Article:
Skip to main content

Minnesota leaders team up to overhaul drug crime sentences

  • Author:
  • Updated:
    Original:

Minnesota leaders unveiled a plan to reduce the criminal punishment for many drug crimes Friday morning.

Minnesota county attorneys, police and state lawmakers discussed the proposed changes which build upon an earlier reform proposed by the Minnesota Sentencing Guidelines Commission.

The plan will reduce the severity for punishment of first and second degree drug crimes. It also proposes the laws differentiate drug users from dealers – with dealers getting harsher punishments.

The proposal notes that Minnesota's current laws don't do a very good job of distinguishing between criminals and addicts, saying both are now being treated the same.

State Public Defender for Minnesota Bill Ward says there are too many people in prisons that need of drug treatment, but are stuck serving long prison sentences. He says the proposal will change that.

Offenders with larger amounts of illegal substances will face longer prison times, however the proposal brings fifth degree offenses down from a felony to a gross misdemeanor. A second offense would be a felony, though.

The Pioneer Press says first degree offenders would also see a decrease in sentences. Right now, the sentence is just over seven years, it would drop to a little more than five years.

Additionally, the proposal would increase the amount of some drugs – narcotics, but not heroin – needed in order to be considered a possession crime. The threshold would be doubled from 25 grams to 50 grams. Read the details here.

People who possess a firearm will have the original 25 gram threshold though.

And those who are caught with a "trace" of some drug – a single dosage unit – would only get a gross misdemeanor, not a felony offense.

The changes are set to take place by August, unless the Legislature rejects them.

https://twitter.com/AndrewMannix/status/726065371162263552

Overcrowding in prisons

Minnesota's prisons and correctional facilities currently hold about 560 inmates more than capacity, according to the House. That gap is expected to more than double by 2022 if nothing changes.

Last month, KARE 11 reported that Minnesota has the fifth fastest growing prison population in the country.

In July, 20 percent of people in prison had been sentenced for drug-related crimes, MinnPost reports.

Next Up

28987158675_df8dbfc6df_o

3 dead after plane crashes into house in Hermantown

Two people in the house were uninjured.

FeDh7pUWAAg3NMd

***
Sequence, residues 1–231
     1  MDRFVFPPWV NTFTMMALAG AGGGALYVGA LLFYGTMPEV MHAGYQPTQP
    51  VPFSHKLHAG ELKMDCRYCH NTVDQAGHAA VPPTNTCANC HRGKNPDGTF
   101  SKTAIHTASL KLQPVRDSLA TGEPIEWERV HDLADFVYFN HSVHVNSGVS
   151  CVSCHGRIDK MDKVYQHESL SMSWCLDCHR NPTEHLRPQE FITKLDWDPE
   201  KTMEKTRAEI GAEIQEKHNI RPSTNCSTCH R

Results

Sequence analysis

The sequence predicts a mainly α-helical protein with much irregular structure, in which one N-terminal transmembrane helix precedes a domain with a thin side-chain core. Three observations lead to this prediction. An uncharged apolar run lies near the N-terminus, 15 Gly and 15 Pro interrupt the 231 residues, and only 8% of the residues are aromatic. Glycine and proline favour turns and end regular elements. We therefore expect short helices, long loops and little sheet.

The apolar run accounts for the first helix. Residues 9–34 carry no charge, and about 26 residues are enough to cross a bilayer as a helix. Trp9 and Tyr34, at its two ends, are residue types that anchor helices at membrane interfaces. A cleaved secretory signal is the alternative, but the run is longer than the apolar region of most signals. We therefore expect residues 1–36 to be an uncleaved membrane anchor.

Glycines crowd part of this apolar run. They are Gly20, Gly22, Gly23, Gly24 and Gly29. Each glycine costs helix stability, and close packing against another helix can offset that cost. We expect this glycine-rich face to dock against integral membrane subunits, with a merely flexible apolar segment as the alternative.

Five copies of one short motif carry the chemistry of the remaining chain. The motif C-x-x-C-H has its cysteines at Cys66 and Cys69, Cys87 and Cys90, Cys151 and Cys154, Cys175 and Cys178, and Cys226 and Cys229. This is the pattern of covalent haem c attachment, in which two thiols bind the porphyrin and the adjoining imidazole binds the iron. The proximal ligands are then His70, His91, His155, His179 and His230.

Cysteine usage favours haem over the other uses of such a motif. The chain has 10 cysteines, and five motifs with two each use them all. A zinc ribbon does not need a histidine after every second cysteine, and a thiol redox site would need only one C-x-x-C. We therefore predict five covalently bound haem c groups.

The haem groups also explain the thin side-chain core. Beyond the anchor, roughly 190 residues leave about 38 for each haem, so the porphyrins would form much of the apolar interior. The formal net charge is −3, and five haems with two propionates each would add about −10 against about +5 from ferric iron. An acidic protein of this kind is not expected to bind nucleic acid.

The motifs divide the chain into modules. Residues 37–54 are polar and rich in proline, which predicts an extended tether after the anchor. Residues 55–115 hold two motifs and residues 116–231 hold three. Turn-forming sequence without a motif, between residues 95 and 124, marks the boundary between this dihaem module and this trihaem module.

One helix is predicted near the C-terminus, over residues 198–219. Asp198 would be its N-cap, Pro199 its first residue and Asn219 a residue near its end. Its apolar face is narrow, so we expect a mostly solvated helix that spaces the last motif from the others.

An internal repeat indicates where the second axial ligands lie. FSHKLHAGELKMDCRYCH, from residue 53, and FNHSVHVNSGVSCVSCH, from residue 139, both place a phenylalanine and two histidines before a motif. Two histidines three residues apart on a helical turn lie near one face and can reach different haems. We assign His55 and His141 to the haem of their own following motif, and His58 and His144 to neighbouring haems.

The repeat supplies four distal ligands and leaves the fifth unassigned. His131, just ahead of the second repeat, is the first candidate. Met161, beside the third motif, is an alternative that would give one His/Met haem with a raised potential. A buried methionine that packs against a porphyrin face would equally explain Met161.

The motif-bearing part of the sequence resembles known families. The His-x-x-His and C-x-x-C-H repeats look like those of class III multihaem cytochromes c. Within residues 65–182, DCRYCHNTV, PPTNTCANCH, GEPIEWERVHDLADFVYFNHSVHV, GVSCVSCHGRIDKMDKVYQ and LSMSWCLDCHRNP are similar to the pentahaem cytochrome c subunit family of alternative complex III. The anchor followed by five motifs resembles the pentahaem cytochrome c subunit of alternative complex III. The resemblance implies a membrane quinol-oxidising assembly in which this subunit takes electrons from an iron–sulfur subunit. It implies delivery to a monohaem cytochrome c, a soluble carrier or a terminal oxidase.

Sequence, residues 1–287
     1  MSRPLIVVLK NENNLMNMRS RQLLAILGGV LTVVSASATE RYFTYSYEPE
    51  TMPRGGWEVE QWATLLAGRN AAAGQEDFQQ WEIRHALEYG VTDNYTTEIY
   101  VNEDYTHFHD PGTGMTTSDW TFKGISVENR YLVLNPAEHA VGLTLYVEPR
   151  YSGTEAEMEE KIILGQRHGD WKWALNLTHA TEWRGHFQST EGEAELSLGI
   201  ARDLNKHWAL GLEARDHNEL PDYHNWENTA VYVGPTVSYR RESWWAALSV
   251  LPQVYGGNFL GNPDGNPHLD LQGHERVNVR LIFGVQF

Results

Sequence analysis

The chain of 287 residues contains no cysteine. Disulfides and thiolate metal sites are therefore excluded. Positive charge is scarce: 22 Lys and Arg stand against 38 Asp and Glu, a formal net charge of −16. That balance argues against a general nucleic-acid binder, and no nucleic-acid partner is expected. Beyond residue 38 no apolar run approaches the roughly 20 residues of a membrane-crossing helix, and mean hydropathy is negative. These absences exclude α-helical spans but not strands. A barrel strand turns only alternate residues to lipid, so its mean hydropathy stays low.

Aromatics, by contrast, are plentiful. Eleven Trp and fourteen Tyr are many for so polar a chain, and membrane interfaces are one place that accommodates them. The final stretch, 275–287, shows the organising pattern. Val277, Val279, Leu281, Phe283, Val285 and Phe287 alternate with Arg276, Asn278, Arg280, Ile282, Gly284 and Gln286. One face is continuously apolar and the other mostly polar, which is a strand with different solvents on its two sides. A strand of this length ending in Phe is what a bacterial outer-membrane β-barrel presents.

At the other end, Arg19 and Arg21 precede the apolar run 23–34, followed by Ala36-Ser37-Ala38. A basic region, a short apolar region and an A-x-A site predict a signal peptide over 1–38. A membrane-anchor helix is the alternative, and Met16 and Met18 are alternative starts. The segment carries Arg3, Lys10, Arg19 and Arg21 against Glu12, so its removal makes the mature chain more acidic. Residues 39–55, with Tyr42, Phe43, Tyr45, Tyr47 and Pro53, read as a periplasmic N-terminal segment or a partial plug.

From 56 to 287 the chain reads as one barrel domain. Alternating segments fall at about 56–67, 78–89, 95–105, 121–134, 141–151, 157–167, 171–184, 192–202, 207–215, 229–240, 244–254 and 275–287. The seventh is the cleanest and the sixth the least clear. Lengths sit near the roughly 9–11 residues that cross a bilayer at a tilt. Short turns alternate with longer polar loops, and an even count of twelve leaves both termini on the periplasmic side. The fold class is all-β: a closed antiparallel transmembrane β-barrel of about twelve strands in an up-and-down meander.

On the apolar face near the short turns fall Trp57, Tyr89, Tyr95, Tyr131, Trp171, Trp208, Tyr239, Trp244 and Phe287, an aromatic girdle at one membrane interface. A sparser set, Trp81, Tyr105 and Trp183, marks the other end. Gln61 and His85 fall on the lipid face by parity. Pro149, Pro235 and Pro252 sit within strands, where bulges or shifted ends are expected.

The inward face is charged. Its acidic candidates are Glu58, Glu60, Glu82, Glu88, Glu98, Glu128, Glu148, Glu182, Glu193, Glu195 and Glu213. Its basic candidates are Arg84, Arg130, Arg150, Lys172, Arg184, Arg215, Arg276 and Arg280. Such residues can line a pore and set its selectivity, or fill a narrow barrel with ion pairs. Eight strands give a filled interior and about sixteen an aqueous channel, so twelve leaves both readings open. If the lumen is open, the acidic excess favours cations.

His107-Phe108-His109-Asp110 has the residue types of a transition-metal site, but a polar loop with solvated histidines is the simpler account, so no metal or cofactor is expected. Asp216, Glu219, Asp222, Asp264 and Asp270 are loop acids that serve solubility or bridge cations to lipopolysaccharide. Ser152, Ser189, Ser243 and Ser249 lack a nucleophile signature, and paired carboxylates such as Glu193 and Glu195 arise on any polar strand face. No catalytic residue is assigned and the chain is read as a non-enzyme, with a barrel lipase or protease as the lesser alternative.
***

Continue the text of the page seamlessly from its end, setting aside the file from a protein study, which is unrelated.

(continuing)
Destructive fire at Maple Grove greenhouse and nursery

The fire burned early Sunday morning at a longtime Maple Grove greenhouse and nursery.

st. cloud state university hockey

SCSU player hospitalized after being taken off ice on stretcher

Luedtke was checked into the boards in the first period and down for a reported 10-15 minutes.

Amber alert wisconsin

Amber Alert in Wisconsin: Search for missing 15-year-old girl

Police believe 15-year-old Kryssy King may be with a 22-year-old man.

Screen Shot 2022-10-01 at 10.18.12 AM

3 St. Paul fast food restaurants robbed in space of an hour

The thieves struck between 7:15 p.m. and 8 p.m.

Screen Shot 2022-10-01 at 9.06.40 AM

What to do with the Kmart site? Minneapolis wants your ideas

The project will connect Nicollet Avenue south of Lake street and north of the Midtown Greenway, reestablishing a street grid.

Screen Shot 2022-10-01 at 7.53.55 AM

Crowd evacuated at end of homecoming football game in Brooklyn Park

Police blamed 'unruly teens' in the stands and some who were trying to enter the stadium.

gas

State to help 44 Minnesota gas stations add E15 pumps

The yellow 88 button is coming to more gas stations in Minnesota.

Screen Shot 2022-09-30 at 4.54.42 PM

FBI, police investigating bank robbery at Edina's 50th and France

An ATM technician was robbed by four men at a U.S. Bank.

Ethan Glynn

Paralyzed Bloomington football player begins rehabilitation in Colorado

Ethan Glynn is at a world-renowned rehabilitation hospital.

Related

Dakota, Washington, Ramsey counties team up to fight prescription drug abuse

A coalition of law enforcers and prosecutors in the east metro hopes that focusing on early intervention and prevention will help stem a growing problem that prison time cannot seem to stop.